I was happily surprised when I Google-Earthed Orlando. A huge lake was located behind a resort directly across the street from where I would be staying. I would be on the west side of the lake facing east – perfectly positioned to capture stunning sunrise photos under a beautiful Florida sky. Well...that was the plan. When I got there, I immediately headed to the lake to scout out the best vantage points for my next few days of early morning shoots. I went behind the resort, but found the lake totally fenced off. I saw a lot on Google Earth, but I sure as heck didn't see that fence. When I asked the front desk personnel how I could gain access to it, they told me it was a private lake only accessible to guests of the resort.

In the words of John McEnroe: YOU CAN’T BE SERIOUS!!

With nothing else but streets and strip malls in the immediate area, my camera equipment became little more than a heavy paper-weight.
As it turned out, the only photos I got on the entire trip were the ones I took on the plane ride to Orlando. The view out the window as we climbed above the cloud layer was spectacular. As I would normally do on the ground, I placed a polarizing filter on my lens to make the clouds pop. When I looked through the camera, I saw a kaleidoscope of weird colors overlaying the scene. Not knowing exactly what was causing it, I removed the filter and the colors returned to normal. (I later learned that most airline windows are already polarized and will create a rainbow effect if you shoot through them using a polarizing filter). To block out reflections, I placed the lens as close to the window as I could without actually touching it – the plane's vibrations would have caused too much camera shake. I was also concerned about shooting through such a greasy, scratch-covered surface. I normally abhor shooting through vehicle windows, but I didn't really have much of a choice in this situation. I cleaned it as best I could and used a moderate depth of field to render the scratches invisible.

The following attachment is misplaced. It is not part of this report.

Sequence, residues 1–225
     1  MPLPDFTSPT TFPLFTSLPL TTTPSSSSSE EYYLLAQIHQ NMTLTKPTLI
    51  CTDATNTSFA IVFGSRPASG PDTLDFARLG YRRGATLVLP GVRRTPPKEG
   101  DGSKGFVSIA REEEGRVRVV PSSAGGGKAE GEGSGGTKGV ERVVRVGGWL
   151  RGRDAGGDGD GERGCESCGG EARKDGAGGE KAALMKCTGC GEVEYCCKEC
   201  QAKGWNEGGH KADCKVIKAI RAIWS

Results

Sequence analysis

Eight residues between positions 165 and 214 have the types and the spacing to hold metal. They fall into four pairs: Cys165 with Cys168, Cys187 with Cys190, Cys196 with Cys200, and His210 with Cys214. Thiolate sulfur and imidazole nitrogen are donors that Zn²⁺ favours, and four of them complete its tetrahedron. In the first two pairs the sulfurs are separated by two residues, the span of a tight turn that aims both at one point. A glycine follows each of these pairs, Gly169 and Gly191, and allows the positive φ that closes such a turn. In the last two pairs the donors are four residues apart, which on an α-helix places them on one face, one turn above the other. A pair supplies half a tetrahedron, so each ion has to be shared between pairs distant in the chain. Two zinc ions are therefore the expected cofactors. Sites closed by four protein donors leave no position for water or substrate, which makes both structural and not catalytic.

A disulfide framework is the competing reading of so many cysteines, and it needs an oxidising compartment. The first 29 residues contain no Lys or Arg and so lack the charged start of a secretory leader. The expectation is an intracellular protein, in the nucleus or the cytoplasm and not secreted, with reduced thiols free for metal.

Hopefully, my plans won't fall through on my next trip as badly as they did on this one. It would have been nice to come back with more than just an ad for Southwest Airlines. But, in retrospect, I guess it's more important to spend quality time with family than it is to take pictures. It is...right?